The above and other objects and advantages of the present invention will become clear by from the following description of the invention with reference to the accompanying drawings, in which:
FIG. 1 illustrates components of a chip fuse according to the present invention prior to assembly;
FIG. 2 is an enlarged sectional view of an essential part of a chip fuse assembled by use of the components shown in FIG. 1; and
FIGS. 3 and 4 illustrate components of other chip fuses prior to assembly, which chip fuses employ conductive terminals having two projections similar to those as disclosed in the embodiment shown in FIGS. 1 and 2.
Some embodiments of the present invention will now be explained by referring to the accompanying drawings.
Firstly, the first embodiment of a chip fuse according to the present invention is explained wherein a plurality of grooves are provided one a body.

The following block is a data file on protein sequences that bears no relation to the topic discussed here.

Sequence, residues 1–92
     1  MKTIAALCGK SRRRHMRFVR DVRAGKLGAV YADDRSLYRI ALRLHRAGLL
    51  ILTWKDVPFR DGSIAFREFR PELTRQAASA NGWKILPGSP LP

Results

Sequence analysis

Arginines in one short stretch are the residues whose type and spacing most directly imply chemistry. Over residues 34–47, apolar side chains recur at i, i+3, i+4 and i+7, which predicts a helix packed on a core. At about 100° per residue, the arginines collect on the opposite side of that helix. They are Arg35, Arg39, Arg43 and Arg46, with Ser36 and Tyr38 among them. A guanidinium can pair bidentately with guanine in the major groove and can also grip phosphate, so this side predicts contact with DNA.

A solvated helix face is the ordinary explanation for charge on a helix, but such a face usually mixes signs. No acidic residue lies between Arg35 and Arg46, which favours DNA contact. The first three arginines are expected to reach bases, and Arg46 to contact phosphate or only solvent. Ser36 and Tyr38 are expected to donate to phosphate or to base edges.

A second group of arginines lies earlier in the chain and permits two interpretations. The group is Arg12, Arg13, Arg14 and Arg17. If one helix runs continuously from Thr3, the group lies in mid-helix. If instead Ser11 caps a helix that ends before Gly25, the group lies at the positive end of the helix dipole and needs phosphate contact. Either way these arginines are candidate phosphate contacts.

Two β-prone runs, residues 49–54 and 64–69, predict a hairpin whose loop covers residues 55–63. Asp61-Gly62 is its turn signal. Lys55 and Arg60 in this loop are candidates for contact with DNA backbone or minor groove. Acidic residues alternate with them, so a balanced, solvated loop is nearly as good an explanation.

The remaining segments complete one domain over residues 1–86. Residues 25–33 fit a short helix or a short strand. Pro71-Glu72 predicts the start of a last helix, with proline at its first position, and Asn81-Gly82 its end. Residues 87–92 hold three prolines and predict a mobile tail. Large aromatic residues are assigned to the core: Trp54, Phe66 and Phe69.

FIG. 1 illustrates constitution of the components of a chip fuse prior to assembly. In FIG. 1, reference numeral 1 designates the body, which is comprised of a heat-resistant insulating material such as a ceramic or the like and is shaped in a prismatic configuration, the body being provided with a through-bore 3 extending longitudinally therethrough. At the opposite side surfaces 20 of the body 1, there are provided, in the a direction as the through-bore 3, grooves 2 for the passage of a fusible element. At the other side surfaces 21, where no grooves 2 for passage of a fusible element are provided, two vertical grooves 5 are provided at a location near to the opposite end surfaces. Reference numeral 4 designates an elongated fusible element. Reference numeral 6 designates electrically conductive terminals which are of rectangular parallelepiped configuration and have a recess 22 adapted to be fitted onto the opposite end portions of the body 1. Soldering material 7 is applied in advance in the interior of the recess 22 to be fitted onto the body 1. Furthermore, at one side surface of each of the conductive terminals 6, there is provided a projection 9 adapted to fit in the vertical groove 5.